An Example Bt-ECB Corn Seed

Lodging is a major constraint to maximizing grain yields in modern corn production. Lodging is one of the hazards of increasing plant densities to get maximum yields. Current UW recommendations for harvest plant densities range between 26,000 and 30,000 plants/A.

Bt corn hybrids resist European corn borer (ECB) damage and lodge less. From 2002 to 2004, Bt and non-Bt corn hybrids were planted at plant densities ranging from 25,000 to 50,000 plants/A in 5000 to 6000 plants/A increments at 10 locations in Wisconsin .

Figure 1. Profitable harvest plant densities for seed:corn price ratios of 0.0, 0.5, 1.0, 1.5, 2.0, and 2.5. Symbols represent the economic optimum return to plant density (EOPD) and error bars are the low and high ends of the range of profitability (within $1/A of EOPD) at each seed:corn price ratio.

The plant density maximizing yield for Bt hybrids was 42,300 plants/A, while for non-Bt hybrids was 40,000 plants/A. If plant densities were increased from 30,000 plants/A to 41,400 plants/A, yields increased 4.2%.

At the same plant density, Bt corn hybrids yield more than non-Bt corn but seed costs of Bt corn are often greater than non-Bt seed. The seed:corn price ratio is higher for Bt corn.

For Bt and non-Bt corn where the seed:corn price ratios are the same, as seed costs increase and/or corn prices decrease the economic optimum plant density (EOPD) decreases (Figure 2). For example, the EOPD for a ratio of 1.50 = 29,600 plants/A for Bt corn and 27,300 plants/A for non-Bt corn. As seed cost decreases and/or corn price increases (ratio = 0.50) the EOPD increases to 38,100 plants/A for Bt corn and 35,800 plants/A for non-Bt corn.

Corn management systems must be justified on the basis of economic returns, rather than on crop yield alone. Overall, Bt corn hybrids in this study yielded 6.6% greater and had 22% less lodging than non-Bt hybrids. However, the yield and lodging benefits for Bt hybrids were offset by the higher seed and harvest costs associated with Bt corn, adding no economic benefit. This study determined the EOPD to be 33,900 plants/A (regardless of hybrid trait) or 3900 plants/A more than the current recommendation in Wisconsin . Even though no economic benefit was measured for Bt corn due to higher seed costs, other benefits such as safety (pesticide handling), insurance (potential for ECB outbreaks), and “peace of mind” might be important for growers to consider when using Bt corn.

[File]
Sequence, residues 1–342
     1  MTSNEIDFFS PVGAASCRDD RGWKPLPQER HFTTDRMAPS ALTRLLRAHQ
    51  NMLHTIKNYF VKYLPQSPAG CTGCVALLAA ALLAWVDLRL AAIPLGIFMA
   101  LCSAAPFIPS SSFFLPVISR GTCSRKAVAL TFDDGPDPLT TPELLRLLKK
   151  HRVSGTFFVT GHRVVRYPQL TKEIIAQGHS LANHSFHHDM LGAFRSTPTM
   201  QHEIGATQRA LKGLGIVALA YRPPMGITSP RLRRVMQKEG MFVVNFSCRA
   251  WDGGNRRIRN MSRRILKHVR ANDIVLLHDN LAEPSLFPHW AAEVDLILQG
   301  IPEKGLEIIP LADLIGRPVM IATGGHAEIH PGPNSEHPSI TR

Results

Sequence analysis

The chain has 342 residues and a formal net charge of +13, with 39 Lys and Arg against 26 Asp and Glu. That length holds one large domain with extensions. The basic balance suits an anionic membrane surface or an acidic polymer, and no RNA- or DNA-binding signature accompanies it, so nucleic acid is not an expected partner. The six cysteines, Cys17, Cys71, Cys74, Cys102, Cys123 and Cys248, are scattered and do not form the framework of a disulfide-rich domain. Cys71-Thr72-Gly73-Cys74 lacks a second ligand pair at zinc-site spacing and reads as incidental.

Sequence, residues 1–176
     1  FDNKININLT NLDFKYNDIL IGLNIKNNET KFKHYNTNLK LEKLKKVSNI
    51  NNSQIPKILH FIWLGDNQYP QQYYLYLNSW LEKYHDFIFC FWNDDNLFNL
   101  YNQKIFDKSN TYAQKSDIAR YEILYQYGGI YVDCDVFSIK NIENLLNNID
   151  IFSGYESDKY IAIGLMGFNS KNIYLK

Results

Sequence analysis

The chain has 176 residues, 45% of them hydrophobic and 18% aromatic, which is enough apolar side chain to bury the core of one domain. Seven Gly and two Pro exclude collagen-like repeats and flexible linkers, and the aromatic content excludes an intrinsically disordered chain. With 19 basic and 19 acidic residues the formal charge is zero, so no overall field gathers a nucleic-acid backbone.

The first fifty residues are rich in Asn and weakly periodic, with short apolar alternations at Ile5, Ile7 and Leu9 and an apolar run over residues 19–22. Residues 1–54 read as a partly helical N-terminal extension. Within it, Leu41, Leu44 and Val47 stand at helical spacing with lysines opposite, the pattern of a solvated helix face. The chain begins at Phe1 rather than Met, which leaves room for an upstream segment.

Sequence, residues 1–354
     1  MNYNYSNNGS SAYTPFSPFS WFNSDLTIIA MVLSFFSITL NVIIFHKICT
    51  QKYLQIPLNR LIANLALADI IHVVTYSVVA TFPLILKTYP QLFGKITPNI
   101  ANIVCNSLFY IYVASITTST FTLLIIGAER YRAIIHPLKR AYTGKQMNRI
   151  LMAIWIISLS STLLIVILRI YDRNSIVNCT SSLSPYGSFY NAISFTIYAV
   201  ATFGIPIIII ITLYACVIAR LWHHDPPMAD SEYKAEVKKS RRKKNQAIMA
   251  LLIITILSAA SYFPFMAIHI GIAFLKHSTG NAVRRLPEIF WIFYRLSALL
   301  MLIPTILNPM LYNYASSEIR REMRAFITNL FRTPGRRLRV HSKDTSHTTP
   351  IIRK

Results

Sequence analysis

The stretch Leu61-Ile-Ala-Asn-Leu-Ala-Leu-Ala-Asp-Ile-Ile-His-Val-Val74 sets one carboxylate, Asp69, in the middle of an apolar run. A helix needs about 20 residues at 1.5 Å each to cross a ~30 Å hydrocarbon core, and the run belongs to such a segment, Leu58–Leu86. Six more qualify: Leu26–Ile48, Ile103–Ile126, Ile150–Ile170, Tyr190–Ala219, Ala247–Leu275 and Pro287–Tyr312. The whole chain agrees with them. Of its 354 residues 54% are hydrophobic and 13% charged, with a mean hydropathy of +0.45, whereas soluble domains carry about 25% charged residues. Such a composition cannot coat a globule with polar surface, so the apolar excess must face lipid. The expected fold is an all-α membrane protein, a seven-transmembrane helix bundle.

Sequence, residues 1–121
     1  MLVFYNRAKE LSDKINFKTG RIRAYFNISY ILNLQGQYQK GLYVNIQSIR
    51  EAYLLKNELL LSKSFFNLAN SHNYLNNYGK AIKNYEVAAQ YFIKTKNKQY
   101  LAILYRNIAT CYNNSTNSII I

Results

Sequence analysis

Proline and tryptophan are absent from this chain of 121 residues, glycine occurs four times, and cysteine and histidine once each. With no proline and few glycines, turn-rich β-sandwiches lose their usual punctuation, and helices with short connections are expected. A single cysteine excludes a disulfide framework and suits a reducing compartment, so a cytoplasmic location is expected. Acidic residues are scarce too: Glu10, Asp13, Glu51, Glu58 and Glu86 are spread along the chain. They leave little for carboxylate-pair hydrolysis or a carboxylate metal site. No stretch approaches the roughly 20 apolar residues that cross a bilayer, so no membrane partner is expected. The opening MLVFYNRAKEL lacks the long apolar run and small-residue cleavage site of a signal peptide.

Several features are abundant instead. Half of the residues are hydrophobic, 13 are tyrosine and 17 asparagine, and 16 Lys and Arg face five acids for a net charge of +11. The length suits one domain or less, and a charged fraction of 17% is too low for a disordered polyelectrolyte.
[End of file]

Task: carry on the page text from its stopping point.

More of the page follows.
Figure 2. Profitable harvest plant densities of Bt and non-Bt corn hybrids for seed:corn price ratios of 0.5, 1.0, and 1.5. Symbols represent the economic optimum return to plant density (EOPD) and error bars are the low and high ends of the range of profitability (within $1/A of EOPD) at each seed:corn price ratio.

Guidelines for choosing an appropriate plant density for corn

  1. Currently, seed:corn price ratios range from 0.33 to 1.50.

  2. The EOPD for seed:corn price ratios between 0.5 and 1.5 is 29,800 to 36,200 plants/A. The plant density of 32,700 plants/A is within $1.00 of the EOPD for ratios between 0.5 and 1.5.

  3. Grain yield continues to increase through plant densities of 39,400 plants/A.

  4. In general, silage yield continues to increase as plant density increases. However, a trade-off exists as measured by Milk2000 where quality decreases with increasing population. Thus, the EOPD is the same for corn grown for silage or grain. Corn silage is often more valuable than grain and so the EOPD follows more closely seed:corn price ratios less than 1.0.